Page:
While we should deplore the very thought of an extra pound on your figure (at this moment when the Moulded Line means a trimmed down silhouette) we are delighted to announce that we ourselves have put on a noticeable amount of weigth in this, the biggest-ever issue of Vogue.
For ten years, until 1950, we were limited by paper-rationing – and advertising pages were staggered throughout the year to make issues of roughly corresponding size. Now, paper is no longer limited, and the fashion market has returned to its pre war pattern, with perhaps an exaggerated emphasis on the Spring and Autumn seasons.
These are the times when most people want to buy their clothes, and, therefore, when advertisers want particularly to show what they have to sell. You can now expect a big increase in advertisements in Vogue at these two peak periods – and since our advertising pages are a complete complement to our editorial pages, we feel you will relish the extra matter.
But we of Vogue want to come back to fundamentals, and to emphasize an important point; although spring and autumn are peak moments for merchandise, fashion is a constant – an interest that is not seasonal – and we take care of fashion for you by keeping the same basic number of editorial pages in every issue of Vogue, no matter how the number of advertising pages may fluctuate.
However, there is always an exception to ever rule, as in this issue, when the number of editorial pages increased. (the editorial pages may expand from time to time, but you have our assurance that they will not diminish)
So if you’ll forgive our sounding momentarily like wide-screen hucksters or ringmasters, here we offer you our super-colossal March issue, more epically, colourfully and completely presented than ever before…
Although written nearly 70 years ago it has much to teach us about how to address current advertising issues; particularly Adblocking. I think 5 main themes emerge.
This ad is written with the upmost respect and understanding of the type of people who read Vogue. People haven’t been reduced to mere readers, viewers or visitors. This is a million miles away from talking about ‘monetising eyeballs’.
Focusing on understanding people, what they are interested in and how you can provide it will lead to a fundamentally different outcome to just focusing on short term ways to make more money from views.
Vogue is clear on the role and contribution of advertising not only to its magazine but also to the broader fashion industry and calendar. There is no embarrassment here and this is a view that is clearly stated.
Without a clear view of the role and contribution of advertising to your business you are not going to be able to make consistent and considered decisions.
As well as having a clear view of the role and importance of advertising Vogue have also communicated this to their readers so they too understand the role and value of advertising – and also why the number of adverts might vary from issue to issue.
Although people’s current expectation is that the content they read, watch and listen to is free the advertising industry has done a poor job of communicating the contribution of advertising to keeping this content free.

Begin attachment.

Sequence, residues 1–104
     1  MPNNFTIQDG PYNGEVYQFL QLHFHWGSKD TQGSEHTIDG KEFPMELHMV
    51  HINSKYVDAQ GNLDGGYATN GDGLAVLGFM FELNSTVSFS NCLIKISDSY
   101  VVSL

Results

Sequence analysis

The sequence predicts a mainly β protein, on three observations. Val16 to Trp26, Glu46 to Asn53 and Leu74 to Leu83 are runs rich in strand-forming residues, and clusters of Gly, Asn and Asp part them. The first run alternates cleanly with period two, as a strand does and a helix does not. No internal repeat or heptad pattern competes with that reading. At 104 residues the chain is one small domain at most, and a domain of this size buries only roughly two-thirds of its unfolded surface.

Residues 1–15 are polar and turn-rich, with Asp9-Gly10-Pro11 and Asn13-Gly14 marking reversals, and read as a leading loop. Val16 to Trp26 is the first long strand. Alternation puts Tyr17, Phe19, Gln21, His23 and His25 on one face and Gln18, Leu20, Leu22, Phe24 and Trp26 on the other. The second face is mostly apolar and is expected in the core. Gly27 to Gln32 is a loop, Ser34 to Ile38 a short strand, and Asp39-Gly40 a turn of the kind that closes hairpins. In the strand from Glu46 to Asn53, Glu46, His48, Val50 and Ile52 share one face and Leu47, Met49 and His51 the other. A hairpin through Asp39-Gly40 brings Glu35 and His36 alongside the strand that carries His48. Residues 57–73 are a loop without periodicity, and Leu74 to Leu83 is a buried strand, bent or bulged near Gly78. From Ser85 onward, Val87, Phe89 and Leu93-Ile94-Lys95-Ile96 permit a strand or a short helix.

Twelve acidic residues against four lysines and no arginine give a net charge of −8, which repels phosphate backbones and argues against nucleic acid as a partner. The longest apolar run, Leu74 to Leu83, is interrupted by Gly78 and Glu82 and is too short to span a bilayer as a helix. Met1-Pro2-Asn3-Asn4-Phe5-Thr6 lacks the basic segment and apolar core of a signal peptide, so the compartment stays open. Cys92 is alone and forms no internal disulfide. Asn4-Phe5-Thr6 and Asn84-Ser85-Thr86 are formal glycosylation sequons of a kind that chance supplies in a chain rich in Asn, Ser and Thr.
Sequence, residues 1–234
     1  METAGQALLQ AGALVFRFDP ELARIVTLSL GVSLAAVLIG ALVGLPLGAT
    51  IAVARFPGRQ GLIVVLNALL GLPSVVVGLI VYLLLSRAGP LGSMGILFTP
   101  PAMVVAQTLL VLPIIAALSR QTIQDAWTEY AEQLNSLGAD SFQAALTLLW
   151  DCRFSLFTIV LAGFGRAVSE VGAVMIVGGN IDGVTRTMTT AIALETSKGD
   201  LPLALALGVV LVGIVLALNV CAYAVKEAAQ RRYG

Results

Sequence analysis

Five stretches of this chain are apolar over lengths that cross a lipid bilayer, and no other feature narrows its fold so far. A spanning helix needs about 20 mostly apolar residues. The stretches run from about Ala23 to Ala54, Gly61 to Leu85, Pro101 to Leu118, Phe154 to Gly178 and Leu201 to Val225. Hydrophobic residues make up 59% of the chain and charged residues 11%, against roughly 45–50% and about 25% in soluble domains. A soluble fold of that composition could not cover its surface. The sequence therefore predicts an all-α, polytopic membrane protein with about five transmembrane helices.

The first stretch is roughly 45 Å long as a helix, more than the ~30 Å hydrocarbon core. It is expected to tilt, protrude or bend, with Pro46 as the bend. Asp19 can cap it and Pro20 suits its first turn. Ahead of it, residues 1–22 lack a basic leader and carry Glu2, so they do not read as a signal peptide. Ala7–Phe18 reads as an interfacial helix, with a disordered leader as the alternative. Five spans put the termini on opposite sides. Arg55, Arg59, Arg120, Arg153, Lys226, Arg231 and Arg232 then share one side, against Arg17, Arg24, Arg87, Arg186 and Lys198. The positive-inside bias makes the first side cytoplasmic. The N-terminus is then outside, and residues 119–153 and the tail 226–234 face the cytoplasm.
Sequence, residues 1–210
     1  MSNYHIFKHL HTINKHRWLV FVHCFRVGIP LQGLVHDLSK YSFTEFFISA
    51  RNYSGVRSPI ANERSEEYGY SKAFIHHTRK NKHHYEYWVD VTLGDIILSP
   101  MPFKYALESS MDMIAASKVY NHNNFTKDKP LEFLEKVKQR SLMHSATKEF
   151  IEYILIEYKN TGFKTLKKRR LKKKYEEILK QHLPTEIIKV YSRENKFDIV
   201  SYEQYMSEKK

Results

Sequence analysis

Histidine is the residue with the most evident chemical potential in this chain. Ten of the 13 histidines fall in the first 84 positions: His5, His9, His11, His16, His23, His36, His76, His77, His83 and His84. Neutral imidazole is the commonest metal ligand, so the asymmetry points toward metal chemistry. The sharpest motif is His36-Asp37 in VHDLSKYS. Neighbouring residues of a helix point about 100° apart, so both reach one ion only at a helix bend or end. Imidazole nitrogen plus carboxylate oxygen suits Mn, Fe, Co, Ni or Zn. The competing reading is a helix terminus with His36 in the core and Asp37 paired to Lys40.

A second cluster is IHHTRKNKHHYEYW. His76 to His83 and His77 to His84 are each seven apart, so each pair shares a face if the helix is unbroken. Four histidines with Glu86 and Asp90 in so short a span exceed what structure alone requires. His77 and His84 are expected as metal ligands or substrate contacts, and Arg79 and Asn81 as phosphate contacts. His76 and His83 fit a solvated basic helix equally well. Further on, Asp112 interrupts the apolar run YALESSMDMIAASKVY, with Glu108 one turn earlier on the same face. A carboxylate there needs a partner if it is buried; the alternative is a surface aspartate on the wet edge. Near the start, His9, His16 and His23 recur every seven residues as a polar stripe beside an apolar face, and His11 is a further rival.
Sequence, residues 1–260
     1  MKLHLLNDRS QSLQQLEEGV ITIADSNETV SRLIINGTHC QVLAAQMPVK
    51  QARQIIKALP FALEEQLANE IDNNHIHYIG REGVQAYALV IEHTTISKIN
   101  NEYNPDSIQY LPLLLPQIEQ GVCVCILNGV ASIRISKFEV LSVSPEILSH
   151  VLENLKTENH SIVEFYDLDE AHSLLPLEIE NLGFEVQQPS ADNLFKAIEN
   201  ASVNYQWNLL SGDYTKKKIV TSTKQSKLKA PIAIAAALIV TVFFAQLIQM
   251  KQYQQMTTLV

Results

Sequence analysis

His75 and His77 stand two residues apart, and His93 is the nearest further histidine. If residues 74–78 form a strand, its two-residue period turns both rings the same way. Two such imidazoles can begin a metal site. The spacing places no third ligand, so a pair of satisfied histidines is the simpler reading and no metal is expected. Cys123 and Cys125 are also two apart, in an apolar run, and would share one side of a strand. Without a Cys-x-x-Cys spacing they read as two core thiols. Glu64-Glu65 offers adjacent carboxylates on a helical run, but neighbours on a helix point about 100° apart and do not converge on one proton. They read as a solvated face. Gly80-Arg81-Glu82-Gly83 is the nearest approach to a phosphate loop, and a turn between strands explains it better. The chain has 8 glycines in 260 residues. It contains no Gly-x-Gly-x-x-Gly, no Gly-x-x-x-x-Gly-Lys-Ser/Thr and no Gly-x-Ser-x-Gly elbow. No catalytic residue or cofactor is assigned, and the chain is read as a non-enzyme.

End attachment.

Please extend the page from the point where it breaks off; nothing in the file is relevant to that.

It might not be clear from the image but this ad was signed by the designer – and man called Raymond Hawkey. He was one of the pioneers of British graphic design and it is a sign of how important Vogue see this message that they commission someone of his standing to create it.
Advertisers do a great job promoting the benefits of their clients. But we seem to be doing ourselves a disservice in how we talk about our own business and contribution.
Advertising is not seen as a necessary evil and Vogue believe their readers will ‘relish the additional matter’ as it will be complementary to Vogue’s editorial content. There is a clear link between advertising and editorial content and there is also a clear value in this content.
As a media owner if you just view the value of advertising and communication as a financial transaction you will be missing additional value. Aligning editorial and advertising content can be a mutually beneficial relationship.
All this might sound like nostalgia for the age of Mad Men. But it is interesting to see Media Brands that are thriving in today’s Digital world. This note highlighted the success of the Canadian new brand La Presse who moved a 100+ year old newspaper to a 100% digital format.
They prioritised producing a good and valuable advertising experience resulting in them limiting ad inventory and avoiding irritating formats altogether. And they support this transition with a massive ad campaign. It is not surprise that this relaunch has been a success
They spent 3 years on testing and market research to understand their audience and their reading behaviours online. They prioritised producing a good and valuable advertising experience resulting in them limiting ad inventory and avoiding irritating formats altogether. And they support this transition with a massive ad campaign. It is not surprise that this relaunch has been a success
So, although we might think the world is changing rapidly, there are still things we can learn from the mad men era beyond the 3 martini lunch.
Paul is Global Head of Strategy at Vizeum. He is a Global Strategist with experience that spans a variety of sectors (CPG, Tech, Pharma and Finance) and disciplines (Media, Advertising, CRM and Sales Promotion). He is responsible for European Strategy across all Starcom Global Network Clients including Samsung, P&G, Coke, Airbnb, Novartis, Etihad, Mars. Paul holds a Bachelor in Biological Sciences, Zoology from the University of Oxford.